“Public school teachers, college professors, doctors, and lawyers will all face tremendous pressure to capitulate to this ideology as a condition of employment. So will psychologists, social workers, and all in the helping professions; and of course florists, photographers, bakers, and all businesses that are subject to public accommodation laws.” [pg 180]
Christians are going to be excluded from large segments of the economy, and we have to make peace with that. There is, after all, lots of historical precedent for religious minorities being excluded from certain professions. We should take this into account now, so that our kids don't end up several hundred thousand dollars in debt with a medical degree that they can't use without abandoning the faith.
Although some may have to accept lower-paying hard labor jobs, entrepreneurship offers a solid path forward. There are many unconventional ways that people have found to make a living, from selling homemade goods on Etsy to creating specialty clothing or other specialty businesses you can only run online. Dreher advocates for buying Christian, even when it costs more, and for hiring Christians first. If the culture is going to push us into being poor and marginalized, we can push back by supporting each other in intentional ways.
Protect the home
Finally, Dreher includes a discussion about protecting the home from negative influence. We have to limit the use of phones and technology, keep our kids off social media, filter the internet to fight pornography, and focus on doing things with our hands and spending family time together. This means not having phones at the dinner table, and taking on “digital fasting” as an ascetical practice.
Dreher does see a silver lining in this apparent calamity of losing the culture war:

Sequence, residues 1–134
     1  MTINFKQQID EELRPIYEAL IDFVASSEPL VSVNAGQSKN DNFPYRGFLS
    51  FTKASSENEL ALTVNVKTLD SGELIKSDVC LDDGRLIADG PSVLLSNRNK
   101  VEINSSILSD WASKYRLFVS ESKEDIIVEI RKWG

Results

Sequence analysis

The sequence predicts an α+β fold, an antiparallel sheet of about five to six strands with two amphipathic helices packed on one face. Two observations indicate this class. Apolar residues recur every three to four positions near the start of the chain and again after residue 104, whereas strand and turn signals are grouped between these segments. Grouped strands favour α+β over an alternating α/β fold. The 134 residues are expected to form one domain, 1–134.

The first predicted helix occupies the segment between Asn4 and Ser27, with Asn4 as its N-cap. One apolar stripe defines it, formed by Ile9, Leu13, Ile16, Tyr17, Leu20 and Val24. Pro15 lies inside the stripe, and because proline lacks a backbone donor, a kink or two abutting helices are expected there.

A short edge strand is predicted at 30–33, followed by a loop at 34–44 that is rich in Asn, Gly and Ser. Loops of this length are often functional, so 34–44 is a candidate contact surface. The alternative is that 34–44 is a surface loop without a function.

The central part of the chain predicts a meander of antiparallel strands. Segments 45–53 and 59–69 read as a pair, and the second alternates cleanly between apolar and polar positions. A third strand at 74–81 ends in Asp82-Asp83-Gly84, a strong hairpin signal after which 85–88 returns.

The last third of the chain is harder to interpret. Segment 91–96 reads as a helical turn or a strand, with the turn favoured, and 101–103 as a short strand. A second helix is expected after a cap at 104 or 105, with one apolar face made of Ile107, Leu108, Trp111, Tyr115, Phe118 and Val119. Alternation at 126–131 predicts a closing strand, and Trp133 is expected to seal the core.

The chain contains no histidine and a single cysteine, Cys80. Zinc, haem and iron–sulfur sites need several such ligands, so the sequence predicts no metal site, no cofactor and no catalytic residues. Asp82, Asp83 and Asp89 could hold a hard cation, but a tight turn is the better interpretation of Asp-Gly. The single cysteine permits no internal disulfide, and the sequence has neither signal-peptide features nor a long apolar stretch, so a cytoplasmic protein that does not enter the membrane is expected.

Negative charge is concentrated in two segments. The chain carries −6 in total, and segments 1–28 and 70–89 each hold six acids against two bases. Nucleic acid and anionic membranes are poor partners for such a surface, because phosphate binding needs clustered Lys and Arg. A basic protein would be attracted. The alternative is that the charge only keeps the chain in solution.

“...by losing it's cultural respectability, the church is freer to be radically faithful.” [pg 101]
In other words, because the option of maintaining a friendly relationship with the culture is no longer available, we can be 100% authentic and uncompromising, as we always should have been. We won't be soft, because we can't be. Christianity will get smaller, but also brighter.
Many of Dreher's critics amid the backlash that followed this book's publication accused him of saying that we've lost and we ought to run for the hills. It was an unfair criticism every time, as not only does Dreher never say that, he explicitly says that we can't do that—we have to remain engaged with the culture on some level.
In The Benedict Option, Dreher is really just describing what it means to live a traditional Christian life. His central message is that we have to set our own house in order first, and be prepared to live as the minorities that we are. Many people are not willing to accept that we've lost the culture war, or that their current strategy of donating to Republicans and hoping for the best is not working. In any age, predicting hard times ahead is an unwelcome message.